The Daily Mail and The Sun have this week ramped up their attacks on the BBC, perhaps sensing blood following the General Election and the appointment of BBC critic John Whittingdale as culture secretary.
The most desperate of the Mail‘s recent criticisms of the BBC picks up on what newspapers Auntie reads. We’ve seen this story before. It was a pretty shaky story back in 2012 and still doesn’t stand up to much scrutiny now.
“The BBC has been accused of ‘propping up its friends in the Left-wing media'” claims the Mail, adding the Guardian is “the most popular title in its offices by far” with 80,679 copies bought last year. “By far” is possibly a stretch. The total number of copies of the Guardian circulating at the BBC last year outnumbered copies of the second-placed Daily Mail (78,463) by just 2.7%. Third-placed was The Times (77,167) and fourth The Telegraph (75,308) suggesting right-wing newspapers are more than well-represented within the BBC.
In fact, the overall figures reveal right-wing newspapers circulating around the BBC outnumber left-wing papers considerably.
The Mail is keen to paint the Guardian sales as proof of political bias, but given the Guardian’s focus on covering the media industry in-depth it is easy to imagine it is relevant to more people and more departments within the BBC than many of its competitors.
Meanwhile, The Sun this week claimed: “BEEB BLOWS £100k A WEEK ON PR GURUS”. It was a story eagerly seized upon by the Mail who went with lower case and decided to write the number out in full: “BBC blows £100,000 a week on PR gurus“.
However, neither headline was particularly accurate. The Mail explained: “the BBC hired 11 firms [including] well-known market leaders? Deloitte, KPMG and PWC” – none of which, it should be pointed out, are “well-known” PR companies or even “gurus” for that matter.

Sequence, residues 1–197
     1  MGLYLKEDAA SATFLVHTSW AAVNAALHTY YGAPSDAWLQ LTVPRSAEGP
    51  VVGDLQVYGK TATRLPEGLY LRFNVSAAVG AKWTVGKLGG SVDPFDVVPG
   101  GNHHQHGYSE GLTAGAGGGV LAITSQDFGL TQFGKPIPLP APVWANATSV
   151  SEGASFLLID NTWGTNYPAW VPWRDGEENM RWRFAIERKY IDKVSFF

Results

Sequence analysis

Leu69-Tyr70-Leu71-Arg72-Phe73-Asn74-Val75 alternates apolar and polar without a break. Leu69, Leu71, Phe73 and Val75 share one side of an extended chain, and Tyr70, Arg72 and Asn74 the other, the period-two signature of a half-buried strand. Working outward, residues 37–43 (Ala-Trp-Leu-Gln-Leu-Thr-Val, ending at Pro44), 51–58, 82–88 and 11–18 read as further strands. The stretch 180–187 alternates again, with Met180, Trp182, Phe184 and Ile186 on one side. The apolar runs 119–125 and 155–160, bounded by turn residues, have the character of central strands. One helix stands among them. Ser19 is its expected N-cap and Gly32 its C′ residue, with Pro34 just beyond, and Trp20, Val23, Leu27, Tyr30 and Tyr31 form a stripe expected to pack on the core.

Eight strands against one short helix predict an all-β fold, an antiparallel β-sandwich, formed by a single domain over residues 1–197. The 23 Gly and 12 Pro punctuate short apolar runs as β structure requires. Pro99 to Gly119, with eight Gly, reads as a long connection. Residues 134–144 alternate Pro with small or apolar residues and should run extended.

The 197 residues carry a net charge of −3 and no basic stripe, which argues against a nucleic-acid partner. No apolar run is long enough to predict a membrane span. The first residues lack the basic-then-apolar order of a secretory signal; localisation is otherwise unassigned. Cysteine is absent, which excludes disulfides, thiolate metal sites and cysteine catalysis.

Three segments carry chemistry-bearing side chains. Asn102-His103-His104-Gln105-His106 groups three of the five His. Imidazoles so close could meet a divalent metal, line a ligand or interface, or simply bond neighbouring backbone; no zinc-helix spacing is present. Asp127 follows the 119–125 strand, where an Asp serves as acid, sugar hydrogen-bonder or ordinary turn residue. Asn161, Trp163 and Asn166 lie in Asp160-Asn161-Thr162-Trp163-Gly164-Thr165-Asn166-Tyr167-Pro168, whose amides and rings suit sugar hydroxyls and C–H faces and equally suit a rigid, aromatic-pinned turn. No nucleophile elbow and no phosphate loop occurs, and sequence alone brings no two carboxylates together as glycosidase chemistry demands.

Perhaps both papers thought explaining the BBC had spent a lot of money on auditing, accounting, systems integration and management consultancy, as most large firms do, didn’t sound profligate enough so went with “PR gurus” instead.
The Mail wasn?t even sure what these companies were doing at the BBC but suggests they may have been advising on things such as “health and safety” and “money”.
You could argue the Mail firing off an angry article when they didn?t really know what they were angry about is a bit shoddy, but actually that’s also the BBC’s fault according to the Taxpayers’ Alliance who are never far away from such stories.
?The Taxpayers’ Alliance? told MailOnline the BBC should ‘come clean’ on exactly what the consultants were brought in to do. Andy Silvester, campaign director for the Taxpayers’ Alliance, said: ‘Licence fee payers deserve more transparency. Consultants can occasionally help save money in the long term but how can you judge that if we have no idea what they are doing on a day to day basis.?
Good question. How can you judge this without all the facts? Quite easily apparently. The Mail is certainly in no doubt that this is an outrageous sum of money. However, the Mail doesn?t tell us what would be a reasonable amount of money for an organisation the size of the BBC to spend with such companies.
A BBC spokesman told the Mail:
“On occasion, just like any other organisation, we use external companies for specialist services. This saves the BBC millions of pounds because it is cheaper than employing permanent, full-time staff to carry out work which could only last a short period.”
And finally…to the weather. The Sun, the Mail, the Telegraph and a host of other outlets have all picked up a story this week about the BBC apparently recruiting an unqualified, disabled weather presenter.
The story isn’t quite as billed, of course. There is no job and there is no job ad and the BBC certainly isn’t about to put an inexperienced weather presenter on-screen based purely on the fact they are disabled. Rather there is BBC Academy course offering experience and training to would-be weather presenters with a disability:
“The BBC Academy is running a free training opportunity to provide an introduction to the world of weather presenting to help men and women with a disability feel comfortable appearing on television, radio and online presenting weather bulletins.”
Participants will be given training and “experience in presenting weather bulletins to camera” but crucially there is no promise of a job at the end. Those who complete the training “will be eligible to apply for future vacancies in the team” but the suggestion the BBC is in the process of appointing a weather presenter on a “no qualifications necessary, must be disabled” basis is a clear distortion.
For more of this sort of thing, see:
BBC bashed for “lavish” lambing largesse
Telegraph bashes BBC for doing its research
“Champagne perks” turn out to be meeting rooms
BBC braced for Glasto “junket” jibes
Daily Mail admits BBC claims were wrong… but repeats them anyway